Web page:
The first step in eliminating installation related trash particles is to implement a practice of flowing nitrogen through the copper piping during the brazing process. This will prevent the formation of copper oxide on the interior surface of the piping at the braze joint locations. Secondly, good practices and procedures should be used to prevent other forms of particulate matter from entering the piping (copper chips, brazing rod, sand, dirt, etc.). One often overlooked form of contamination comes from excessive amounts of flux being applied to dissimilar metal braze joints; this should be avoided. 

Even with the best of intentions every system will have some residual trash particles remaining after the installation. This is why liquid line filter-driers are standard issue on all factory built equipment. As the name implies, part of the filter-drier’s function is to filter out destructive trash particles from the refrigerant and oil in the system. It is important to remove these trash particles before they have the opportunity to pass through the compressor. At startup, you have one shot to remove trash particles located between the compressor outlet and the liquid line filter-drier inlet before they can travel to the compressor. Given the importance in removing these trash particles on a first pass basis, a lower micron rated filter would be preferred for start-up situations. An optional secondary filter available in a removable liquid filter-drier shell is ideal. Figure 3 shows a replaceable liquid filter-drier shell with optional 20 micron secondary filter versus 40 microns for the standard core.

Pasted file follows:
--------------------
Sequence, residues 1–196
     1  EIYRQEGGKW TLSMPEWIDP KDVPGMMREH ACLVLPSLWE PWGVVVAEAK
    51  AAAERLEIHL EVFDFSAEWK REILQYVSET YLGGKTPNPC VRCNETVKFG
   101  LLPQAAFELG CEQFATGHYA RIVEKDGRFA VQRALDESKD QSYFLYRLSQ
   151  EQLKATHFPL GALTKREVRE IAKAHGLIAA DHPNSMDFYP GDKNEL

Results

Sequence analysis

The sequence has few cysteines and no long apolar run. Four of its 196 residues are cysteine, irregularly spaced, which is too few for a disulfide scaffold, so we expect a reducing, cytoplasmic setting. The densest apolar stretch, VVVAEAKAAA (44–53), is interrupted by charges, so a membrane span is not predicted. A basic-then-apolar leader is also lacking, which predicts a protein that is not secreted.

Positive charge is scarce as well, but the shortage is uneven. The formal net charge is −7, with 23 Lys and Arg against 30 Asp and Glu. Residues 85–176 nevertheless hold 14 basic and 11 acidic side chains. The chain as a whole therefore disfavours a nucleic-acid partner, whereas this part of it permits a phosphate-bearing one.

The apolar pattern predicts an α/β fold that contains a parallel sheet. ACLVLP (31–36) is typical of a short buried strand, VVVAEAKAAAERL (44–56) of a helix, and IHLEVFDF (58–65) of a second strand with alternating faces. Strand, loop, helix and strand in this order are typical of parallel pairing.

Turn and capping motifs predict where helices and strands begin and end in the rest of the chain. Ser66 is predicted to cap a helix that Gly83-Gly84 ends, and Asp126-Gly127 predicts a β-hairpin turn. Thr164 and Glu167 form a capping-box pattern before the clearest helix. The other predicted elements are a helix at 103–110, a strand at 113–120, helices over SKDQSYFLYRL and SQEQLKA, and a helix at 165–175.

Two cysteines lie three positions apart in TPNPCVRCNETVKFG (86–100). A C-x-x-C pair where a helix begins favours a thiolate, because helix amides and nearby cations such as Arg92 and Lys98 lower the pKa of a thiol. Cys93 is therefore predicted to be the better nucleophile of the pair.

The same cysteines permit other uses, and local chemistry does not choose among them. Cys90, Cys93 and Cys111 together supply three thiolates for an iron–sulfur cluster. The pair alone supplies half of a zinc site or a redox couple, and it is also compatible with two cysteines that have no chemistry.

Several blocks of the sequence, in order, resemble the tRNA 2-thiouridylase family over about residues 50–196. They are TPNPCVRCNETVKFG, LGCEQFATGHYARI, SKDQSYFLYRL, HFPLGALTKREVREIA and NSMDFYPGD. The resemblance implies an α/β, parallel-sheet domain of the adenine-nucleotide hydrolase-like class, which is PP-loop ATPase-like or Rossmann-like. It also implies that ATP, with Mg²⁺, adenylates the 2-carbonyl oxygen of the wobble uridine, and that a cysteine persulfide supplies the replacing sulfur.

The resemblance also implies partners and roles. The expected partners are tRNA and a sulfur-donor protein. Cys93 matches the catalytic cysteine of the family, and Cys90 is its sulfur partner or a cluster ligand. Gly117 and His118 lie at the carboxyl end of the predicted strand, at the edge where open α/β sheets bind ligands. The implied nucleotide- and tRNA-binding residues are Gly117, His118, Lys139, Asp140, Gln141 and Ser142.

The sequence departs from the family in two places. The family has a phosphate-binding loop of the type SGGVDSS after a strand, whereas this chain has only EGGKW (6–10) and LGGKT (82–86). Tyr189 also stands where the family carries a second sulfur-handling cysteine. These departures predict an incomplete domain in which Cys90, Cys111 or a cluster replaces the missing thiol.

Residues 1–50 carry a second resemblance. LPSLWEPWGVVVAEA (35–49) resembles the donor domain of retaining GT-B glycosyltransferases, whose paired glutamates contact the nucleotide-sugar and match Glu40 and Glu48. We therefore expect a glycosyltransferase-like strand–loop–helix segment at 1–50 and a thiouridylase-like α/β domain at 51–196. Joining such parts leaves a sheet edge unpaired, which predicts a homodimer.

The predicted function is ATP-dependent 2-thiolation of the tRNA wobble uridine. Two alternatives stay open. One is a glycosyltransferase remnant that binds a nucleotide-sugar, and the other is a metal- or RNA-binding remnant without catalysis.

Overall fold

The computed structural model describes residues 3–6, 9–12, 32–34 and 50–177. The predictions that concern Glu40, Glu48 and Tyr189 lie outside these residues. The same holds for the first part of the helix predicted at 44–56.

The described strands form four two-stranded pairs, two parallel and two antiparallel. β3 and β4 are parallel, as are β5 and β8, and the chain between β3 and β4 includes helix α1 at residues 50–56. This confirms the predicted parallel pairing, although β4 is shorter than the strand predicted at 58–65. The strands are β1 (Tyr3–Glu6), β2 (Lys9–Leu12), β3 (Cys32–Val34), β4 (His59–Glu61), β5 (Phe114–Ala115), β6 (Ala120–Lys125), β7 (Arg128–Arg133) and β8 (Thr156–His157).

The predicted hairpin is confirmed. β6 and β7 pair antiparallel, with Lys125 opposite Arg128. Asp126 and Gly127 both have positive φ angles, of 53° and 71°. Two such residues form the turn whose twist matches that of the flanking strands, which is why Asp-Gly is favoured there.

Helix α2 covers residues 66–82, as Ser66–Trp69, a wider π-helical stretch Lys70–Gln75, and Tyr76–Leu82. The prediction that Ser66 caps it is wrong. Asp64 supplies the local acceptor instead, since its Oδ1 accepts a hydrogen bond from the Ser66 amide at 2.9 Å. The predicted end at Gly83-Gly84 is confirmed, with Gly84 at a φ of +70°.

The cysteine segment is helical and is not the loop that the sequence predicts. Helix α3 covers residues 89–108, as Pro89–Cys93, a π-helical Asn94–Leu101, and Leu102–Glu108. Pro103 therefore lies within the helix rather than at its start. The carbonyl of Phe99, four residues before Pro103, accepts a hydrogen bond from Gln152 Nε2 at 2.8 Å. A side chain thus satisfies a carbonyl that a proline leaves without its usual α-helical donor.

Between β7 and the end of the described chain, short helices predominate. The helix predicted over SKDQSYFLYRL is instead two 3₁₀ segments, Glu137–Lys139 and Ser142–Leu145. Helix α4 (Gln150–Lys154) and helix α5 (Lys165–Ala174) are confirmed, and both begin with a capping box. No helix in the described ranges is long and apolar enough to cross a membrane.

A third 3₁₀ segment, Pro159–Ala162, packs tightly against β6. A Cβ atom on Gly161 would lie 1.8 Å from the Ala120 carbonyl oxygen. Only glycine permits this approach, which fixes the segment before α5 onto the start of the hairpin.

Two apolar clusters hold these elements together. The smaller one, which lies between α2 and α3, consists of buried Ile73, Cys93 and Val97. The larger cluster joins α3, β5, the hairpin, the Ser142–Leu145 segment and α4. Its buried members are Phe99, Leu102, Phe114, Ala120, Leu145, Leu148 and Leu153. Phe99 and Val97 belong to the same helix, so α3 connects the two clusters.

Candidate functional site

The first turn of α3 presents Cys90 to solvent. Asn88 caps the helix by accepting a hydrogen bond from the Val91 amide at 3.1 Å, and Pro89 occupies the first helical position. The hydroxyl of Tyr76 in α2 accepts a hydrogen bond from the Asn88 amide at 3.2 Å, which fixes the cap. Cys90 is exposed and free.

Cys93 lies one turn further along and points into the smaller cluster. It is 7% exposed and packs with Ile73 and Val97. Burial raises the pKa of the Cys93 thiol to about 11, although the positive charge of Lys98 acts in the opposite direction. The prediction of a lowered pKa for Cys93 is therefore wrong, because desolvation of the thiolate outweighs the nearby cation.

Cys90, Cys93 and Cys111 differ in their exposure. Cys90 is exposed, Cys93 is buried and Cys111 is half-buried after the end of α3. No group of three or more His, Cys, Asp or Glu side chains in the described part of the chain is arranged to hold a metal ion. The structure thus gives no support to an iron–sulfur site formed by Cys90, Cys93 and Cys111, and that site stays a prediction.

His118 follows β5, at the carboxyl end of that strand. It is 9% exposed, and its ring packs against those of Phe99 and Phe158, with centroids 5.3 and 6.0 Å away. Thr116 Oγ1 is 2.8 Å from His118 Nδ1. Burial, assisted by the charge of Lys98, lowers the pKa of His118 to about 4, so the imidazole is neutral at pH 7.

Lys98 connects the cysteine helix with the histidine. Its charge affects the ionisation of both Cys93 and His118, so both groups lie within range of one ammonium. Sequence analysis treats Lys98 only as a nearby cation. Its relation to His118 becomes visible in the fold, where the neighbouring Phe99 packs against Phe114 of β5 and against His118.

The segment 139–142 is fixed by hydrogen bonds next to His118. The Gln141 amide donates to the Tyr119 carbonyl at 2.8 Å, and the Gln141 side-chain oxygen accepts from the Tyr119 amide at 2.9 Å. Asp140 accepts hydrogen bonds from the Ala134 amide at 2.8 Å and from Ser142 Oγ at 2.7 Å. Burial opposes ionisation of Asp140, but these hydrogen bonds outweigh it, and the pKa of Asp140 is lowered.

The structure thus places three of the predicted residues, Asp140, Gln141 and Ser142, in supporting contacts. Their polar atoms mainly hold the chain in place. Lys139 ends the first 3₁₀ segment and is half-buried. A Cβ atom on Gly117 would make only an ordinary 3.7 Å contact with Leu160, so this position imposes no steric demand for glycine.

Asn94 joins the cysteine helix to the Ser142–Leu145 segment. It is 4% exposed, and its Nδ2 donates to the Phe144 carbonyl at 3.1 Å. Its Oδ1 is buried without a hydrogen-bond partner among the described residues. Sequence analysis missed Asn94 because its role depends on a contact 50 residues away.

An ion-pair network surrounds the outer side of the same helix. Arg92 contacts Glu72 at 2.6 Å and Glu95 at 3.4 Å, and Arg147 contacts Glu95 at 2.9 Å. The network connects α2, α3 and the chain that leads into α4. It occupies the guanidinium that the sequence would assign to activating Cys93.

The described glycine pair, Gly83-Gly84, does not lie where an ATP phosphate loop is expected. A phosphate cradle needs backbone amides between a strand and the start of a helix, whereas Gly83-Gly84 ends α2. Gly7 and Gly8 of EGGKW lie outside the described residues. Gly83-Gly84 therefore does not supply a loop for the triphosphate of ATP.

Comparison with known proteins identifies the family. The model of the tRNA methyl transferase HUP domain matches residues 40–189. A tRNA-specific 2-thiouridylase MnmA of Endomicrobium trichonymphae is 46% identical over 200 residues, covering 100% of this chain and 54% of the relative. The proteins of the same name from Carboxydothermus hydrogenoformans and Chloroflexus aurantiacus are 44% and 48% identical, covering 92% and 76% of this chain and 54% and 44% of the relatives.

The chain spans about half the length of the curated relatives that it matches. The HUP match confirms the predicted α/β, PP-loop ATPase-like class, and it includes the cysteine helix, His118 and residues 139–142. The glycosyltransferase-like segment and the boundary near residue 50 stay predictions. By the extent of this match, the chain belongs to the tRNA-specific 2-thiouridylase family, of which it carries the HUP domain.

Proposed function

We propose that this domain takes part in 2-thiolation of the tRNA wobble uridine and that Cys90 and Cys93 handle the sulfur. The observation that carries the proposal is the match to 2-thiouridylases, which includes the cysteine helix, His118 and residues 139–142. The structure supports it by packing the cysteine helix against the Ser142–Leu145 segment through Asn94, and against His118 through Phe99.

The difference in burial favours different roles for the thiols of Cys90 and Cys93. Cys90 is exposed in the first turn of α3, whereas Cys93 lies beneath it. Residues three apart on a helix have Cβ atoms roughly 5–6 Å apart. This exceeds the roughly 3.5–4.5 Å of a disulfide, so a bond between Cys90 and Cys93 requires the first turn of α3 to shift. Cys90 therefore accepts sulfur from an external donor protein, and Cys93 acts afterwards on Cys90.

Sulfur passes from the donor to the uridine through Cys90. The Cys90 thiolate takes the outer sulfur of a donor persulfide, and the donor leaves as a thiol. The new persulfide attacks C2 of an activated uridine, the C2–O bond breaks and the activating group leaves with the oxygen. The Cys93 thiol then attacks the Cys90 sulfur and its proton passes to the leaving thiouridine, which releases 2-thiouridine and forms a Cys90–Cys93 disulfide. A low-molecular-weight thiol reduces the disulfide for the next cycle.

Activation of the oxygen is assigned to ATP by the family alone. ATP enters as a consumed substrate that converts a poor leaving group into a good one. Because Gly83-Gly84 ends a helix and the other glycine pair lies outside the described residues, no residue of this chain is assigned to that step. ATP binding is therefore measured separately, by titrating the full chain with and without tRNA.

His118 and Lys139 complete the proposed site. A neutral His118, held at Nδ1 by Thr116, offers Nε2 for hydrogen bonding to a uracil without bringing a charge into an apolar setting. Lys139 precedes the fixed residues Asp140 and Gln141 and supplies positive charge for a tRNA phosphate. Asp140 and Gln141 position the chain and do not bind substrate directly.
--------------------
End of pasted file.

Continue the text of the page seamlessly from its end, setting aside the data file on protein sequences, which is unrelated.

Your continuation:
Any trash particles located between the liquid line filter-drier outlet and the compressor inlet will have to pass through the compressor before the liquid filter-drier will have the opportunity to remove them. This is the “why” for using a suction line filter; it is undesirable to allow any trash particles to flow through the compressor before arriving at the inlet of the liquid filter-drier.

Smaller systems with close coupled piping runs, especially those built in the controlled environment of a manufacturing plant, may not require the use of a suction filter; the possibility of any measurable amount of trash between the liquid filter-drier outlet and the compressor inlet will be minimal. Larger systems with remote compressors and lengthy runs of field installed piping are a much different story; particularly supermarkets and warehouses where the total length of piping may be measured in miles instead of feet. In applications such as this it is almost certain that significant amounts of trash will occupy the lengthy piping runs between the liquid filter-drier outlet and the compressor inlet. It is therefore essential to install a suction filter (or as required…suction filters) on systems with lengthy field installed piping runs. Figure 4 shows a typical suction filter.